Despite “America First” policies, President Trump’s economic agenda rests on expanding trade with China. The historical bilateral trade deals in Beijing support continued economic integration in Asia.
PRESIDENT Donald Trump began his grueling 12-day Asia tour amid US Special Counsel’s first indictments, which cast a shadow over the White House’s future.
Nevertheless, Trump and President Xi Jinping were able to sign deals worth $253 billion, which makes the visit to China historic in terms of the value of business agreements struck. That’s vital to sustained regional economic integration in Asia.
But why did Trump – despite his occasional tough talk – opt for the deal? And is it likely to prevail?
Rapid trade expansion
In 2016, US-China trade amounted to $579 billion, while Trump’s focus has been on the $368 billion trade deficit. Yet, merchandise trade is only one aspect of the broad bilateral economic relationship. Today, China is the US’ second-largest merchandise trading partner, third-largest export market, and biggest source of imports.
The increase of imports from China in the US and the bilateral trade imbalance is the result of movement in production facilities from other mainly Asian countries to China. A quarter century ago, those products used to be made first in Japan or “Asian tigers” (Taiwan, Hong Kong, Singapore, South Korea) and then exported to the US. Today, they are made in China; in many cases, by foreign companies, including US firms. Over the period, the share of US imports from China has soared sevenfold to 26 percent. As the center for global supply chains, China has greatly lowered US multinationals’ costs, while low-cost goods benefit US consumers.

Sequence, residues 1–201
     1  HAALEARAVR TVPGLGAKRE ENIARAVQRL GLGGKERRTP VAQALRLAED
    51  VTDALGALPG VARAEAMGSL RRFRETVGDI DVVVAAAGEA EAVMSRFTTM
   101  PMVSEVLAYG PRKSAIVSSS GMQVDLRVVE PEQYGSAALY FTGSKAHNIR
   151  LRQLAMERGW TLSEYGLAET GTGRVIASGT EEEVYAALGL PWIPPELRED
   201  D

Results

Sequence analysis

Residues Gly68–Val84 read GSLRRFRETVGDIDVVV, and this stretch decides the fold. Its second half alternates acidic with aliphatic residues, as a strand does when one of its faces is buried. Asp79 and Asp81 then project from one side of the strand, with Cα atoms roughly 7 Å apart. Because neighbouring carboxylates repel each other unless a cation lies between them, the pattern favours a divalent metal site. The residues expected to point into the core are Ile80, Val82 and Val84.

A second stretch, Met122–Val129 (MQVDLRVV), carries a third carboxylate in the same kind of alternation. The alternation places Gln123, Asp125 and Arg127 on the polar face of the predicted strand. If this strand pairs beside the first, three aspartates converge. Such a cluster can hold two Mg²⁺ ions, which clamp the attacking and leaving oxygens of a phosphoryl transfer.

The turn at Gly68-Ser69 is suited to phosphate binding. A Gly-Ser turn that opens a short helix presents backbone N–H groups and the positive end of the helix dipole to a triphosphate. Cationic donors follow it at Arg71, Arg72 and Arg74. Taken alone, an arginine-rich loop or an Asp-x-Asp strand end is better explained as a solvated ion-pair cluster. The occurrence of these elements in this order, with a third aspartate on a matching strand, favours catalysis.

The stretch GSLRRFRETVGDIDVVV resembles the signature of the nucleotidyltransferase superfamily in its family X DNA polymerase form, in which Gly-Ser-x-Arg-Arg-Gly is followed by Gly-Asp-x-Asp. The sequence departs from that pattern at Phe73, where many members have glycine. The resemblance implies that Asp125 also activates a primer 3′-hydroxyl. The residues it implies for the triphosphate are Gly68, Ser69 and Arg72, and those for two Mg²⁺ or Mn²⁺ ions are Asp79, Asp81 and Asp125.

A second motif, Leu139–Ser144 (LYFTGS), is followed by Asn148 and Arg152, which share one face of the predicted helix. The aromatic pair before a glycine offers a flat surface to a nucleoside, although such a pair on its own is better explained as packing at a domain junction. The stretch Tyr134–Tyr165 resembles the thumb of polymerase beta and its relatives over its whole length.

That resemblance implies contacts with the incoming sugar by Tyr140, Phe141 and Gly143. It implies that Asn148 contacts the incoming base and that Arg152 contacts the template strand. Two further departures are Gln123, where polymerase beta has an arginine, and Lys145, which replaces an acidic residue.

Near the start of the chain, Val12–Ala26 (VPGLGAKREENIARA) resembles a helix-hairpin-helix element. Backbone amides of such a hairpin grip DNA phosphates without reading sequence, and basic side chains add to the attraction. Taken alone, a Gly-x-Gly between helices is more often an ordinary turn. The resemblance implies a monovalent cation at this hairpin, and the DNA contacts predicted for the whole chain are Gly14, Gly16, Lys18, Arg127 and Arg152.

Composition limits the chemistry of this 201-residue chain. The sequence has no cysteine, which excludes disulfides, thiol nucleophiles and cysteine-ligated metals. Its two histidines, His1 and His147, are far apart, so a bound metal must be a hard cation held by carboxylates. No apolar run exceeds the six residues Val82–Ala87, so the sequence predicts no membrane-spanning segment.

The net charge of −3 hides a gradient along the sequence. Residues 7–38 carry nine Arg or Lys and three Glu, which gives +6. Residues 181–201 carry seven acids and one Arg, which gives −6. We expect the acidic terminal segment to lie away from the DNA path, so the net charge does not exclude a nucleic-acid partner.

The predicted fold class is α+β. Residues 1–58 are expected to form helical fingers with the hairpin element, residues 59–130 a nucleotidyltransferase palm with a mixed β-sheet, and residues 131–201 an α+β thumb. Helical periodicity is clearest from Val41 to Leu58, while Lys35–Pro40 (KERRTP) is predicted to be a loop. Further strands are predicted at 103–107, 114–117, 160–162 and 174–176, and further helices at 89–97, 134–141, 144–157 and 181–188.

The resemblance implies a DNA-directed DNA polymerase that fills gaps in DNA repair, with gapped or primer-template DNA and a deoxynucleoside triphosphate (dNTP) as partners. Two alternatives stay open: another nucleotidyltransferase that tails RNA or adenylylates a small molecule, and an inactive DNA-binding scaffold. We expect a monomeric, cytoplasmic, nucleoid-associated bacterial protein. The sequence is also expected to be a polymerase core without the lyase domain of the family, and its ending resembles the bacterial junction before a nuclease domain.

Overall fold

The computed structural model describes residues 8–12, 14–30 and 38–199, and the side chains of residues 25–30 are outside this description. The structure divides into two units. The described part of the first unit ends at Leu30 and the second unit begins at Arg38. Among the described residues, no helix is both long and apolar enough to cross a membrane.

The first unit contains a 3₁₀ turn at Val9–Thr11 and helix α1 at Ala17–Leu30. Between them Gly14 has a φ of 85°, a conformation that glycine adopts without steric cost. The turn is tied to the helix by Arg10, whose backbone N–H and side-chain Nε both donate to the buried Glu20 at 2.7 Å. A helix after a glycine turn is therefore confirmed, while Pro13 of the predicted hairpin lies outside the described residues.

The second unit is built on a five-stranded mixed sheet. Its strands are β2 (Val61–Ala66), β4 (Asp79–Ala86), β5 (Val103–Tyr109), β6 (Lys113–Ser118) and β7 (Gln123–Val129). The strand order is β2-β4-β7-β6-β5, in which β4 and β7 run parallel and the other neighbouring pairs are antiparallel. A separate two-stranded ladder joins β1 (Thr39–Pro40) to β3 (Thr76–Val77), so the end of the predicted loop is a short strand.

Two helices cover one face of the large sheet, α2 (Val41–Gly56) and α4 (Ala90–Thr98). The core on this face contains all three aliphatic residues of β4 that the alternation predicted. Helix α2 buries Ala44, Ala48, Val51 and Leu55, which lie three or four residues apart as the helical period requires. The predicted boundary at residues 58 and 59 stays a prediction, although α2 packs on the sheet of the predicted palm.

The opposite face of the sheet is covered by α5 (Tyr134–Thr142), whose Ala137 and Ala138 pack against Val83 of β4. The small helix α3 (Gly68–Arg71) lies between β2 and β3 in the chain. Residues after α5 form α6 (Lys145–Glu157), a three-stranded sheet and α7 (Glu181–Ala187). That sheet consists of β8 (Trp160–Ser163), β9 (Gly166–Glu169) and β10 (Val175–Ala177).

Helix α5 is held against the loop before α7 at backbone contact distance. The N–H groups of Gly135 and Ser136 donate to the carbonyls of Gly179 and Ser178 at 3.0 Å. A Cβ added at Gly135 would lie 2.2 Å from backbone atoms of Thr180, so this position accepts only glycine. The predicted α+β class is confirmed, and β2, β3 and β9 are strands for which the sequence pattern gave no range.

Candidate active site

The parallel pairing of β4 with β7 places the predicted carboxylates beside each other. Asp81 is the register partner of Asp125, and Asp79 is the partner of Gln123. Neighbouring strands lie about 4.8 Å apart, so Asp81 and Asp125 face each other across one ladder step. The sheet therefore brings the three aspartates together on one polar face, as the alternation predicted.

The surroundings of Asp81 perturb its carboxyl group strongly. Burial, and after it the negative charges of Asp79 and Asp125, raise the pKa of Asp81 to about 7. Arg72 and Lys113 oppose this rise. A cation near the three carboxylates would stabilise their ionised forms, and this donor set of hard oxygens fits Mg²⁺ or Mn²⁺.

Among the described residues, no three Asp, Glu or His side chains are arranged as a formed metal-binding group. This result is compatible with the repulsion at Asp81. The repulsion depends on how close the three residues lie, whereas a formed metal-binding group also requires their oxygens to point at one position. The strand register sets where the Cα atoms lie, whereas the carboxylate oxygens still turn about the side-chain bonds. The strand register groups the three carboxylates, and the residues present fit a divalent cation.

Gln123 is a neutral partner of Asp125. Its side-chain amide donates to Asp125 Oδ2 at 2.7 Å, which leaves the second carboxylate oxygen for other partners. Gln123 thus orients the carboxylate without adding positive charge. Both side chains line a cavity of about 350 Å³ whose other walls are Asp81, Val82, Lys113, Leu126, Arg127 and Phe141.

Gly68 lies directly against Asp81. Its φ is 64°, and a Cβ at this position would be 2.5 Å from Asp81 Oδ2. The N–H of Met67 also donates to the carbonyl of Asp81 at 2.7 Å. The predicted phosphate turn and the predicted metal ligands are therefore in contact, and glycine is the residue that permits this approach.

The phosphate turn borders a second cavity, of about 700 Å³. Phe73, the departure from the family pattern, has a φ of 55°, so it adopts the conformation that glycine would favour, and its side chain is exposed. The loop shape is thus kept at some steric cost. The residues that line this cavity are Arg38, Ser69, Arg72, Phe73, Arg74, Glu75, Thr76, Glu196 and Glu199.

During his tour of Japan, South Korea, China, Vietnam and the Philippines, Trump was accompanied by CEOs of 30 companies. Hungry for huge deals during the China visit, they did not want Trump to undermine access to the $400 billion Chinese market, based on US exports of goods and services to China, sales by US foreign affiliates in China, and re-exports of US products through Hong Kong to China.
The same goes for services, foreign direct investment (FDI) and US Treasury securities.
China is America’s fourth largest services trading partner (at $70 billion), third-largest services export market, and the US has a major services trade surplus with China. The combined annual US-China investment passed $60 billion in 2016, but there is room for far more as China is the world’s third-largest source of global FDI.
Finally, China remains the second-largest foreign holder of US Treasury securities ($1.2 billion as of August 2017), which help keep US interest rates low.
While there are many possible US-Chinese trade scenarios, there are only three probable ones, after the US directive on steel imports and national security, the recent US-Sino Comprehensive Dialogue, US reliance of Section 301 of the Trade Act of 1974, and the investigation into China over US intellectual property.